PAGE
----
Review: Nottingham-based Lanowa has been one of Citizens of Vice's most storied artists over the last 12 months, with this rock-solid four-tracker marking his third outing for the imprint in less than 12 months. He hits the ground running with lolloping mid-tempo treat 'Thrill Me', a relaxed, groovy and quietly colourful slab of sun-baked Balearic deep house, before adding a little Afro-house flavour to his summery sound palette on the Adriatic disco warmth of 'Mojito'. 'Clubber Lang' is a chunkier, sleazier and more bass-heavy shuffle through loopy disco-house territory rich in dreamy pads and jazzy guitar solos, while 'Feels Like Love' sees Lanowa move further towards straight-up disco-funk via rubbery bass guitar, mazy Clavinet motifs, drowsy female vocal snippets and hazy horns.
Review: Contemporary disco-house at its best on this four-tracker from Nottingham producer Lanowa, coming on French label Citizens Of Vice. 'Coloured Squares' is a throbbing, hypnotic affair with a spoken female vocal that's highly reminiscent of Who Da Funk's classic 'Shiny Disco Balls'. 'Disco Stu' is warm and bass-y rolling disco groove topped with a vocal that sounds like a Native American chant: the formula's simple, but at 4am on big speakers it may well sound like the best record on Earth! 'You Know' is fat n' squelchy with echoes of NJ garage, before the mellower 'Green Wave' completes the EP with its gently tinkling keys, jazz fusion geetar and playground chant vocal.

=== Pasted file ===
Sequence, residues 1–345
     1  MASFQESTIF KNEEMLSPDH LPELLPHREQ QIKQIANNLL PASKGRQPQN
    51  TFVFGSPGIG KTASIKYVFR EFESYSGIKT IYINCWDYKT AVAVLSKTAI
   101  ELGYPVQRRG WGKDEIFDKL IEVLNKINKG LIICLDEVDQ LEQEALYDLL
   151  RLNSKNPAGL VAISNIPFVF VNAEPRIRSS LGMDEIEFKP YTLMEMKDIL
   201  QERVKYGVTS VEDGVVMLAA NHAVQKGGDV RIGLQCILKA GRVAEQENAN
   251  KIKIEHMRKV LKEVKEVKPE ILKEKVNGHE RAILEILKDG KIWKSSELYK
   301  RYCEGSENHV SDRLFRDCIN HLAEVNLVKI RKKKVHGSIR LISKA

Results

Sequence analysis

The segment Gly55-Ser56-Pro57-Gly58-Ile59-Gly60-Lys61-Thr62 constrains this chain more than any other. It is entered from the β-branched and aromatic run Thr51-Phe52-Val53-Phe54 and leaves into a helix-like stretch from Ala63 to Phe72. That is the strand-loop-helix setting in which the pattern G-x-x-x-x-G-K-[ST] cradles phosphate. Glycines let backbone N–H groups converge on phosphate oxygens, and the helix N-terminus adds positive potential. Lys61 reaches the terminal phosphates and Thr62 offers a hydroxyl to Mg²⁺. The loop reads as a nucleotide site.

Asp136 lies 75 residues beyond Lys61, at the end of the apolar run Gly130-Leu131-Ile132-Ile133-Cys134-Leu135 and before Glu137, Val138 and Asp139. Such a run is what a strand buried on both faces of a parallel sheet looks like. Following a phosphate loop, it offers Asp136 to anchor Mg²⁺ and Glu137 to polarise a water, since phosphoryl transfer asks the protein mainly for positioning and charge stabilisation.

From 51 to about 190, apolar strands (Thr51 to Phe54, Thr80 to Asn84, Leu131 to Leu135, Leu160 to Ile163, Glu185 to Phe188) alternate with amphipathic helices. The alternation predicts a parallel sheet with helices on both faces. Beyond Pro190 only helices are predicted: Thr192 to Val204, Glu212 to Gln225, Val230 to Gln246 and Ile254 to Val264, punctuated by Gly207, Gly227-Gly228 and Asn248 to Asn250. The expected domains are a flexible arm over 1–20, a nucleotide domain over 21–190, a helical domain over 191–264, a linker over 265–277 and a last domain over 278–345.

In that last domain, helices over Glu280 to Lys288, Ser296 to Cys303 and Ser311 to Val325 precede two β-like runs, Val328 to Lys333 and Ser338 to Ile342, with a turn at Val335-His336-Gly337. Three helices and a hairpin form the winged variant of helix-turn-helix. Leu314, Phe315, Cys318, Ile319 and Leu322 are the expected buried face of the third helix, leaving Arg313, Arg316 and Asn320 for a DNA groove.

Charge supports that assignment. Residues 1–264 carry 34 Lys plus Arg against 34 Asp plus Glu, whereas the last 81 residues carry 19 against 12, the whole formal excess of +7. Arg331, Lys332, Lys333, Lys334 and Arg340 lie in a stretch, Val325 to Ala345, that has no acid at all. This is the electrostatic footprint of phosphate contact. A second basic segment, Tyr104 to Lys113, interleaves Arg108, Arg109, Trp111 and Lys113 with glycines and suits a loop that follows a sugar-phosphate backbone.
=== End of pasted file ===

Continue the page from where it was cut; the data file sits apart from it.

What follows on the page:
Review: To celebrate the dawning of a new decade Citizens of Vice has decided to offer up a multi-artist extravaganza featuring contributions from a quintet of rising stars. Jamie Porteus kicks things off with "Johnny Deep", a wonderfully warm-and sun-kissed blend of bubbly electronic grooves, ear-pleasing melodies and subtle dub influences, before Lanowa goes down a deeper route on the warm, hypnotic and bass-heavy house cut "Gorgeous People". Elsewhere, Lovebreak's "Honestly" is a dusty sample-house shuffler, Paper Street Song's "Bobby's Song" is a glassy-eyed rework of an eyes-closed 80s soul jam and We Play Alone's "There's Something Up There" brilliantly joins the dots between drowsy deep house and sub-heavy UL garage.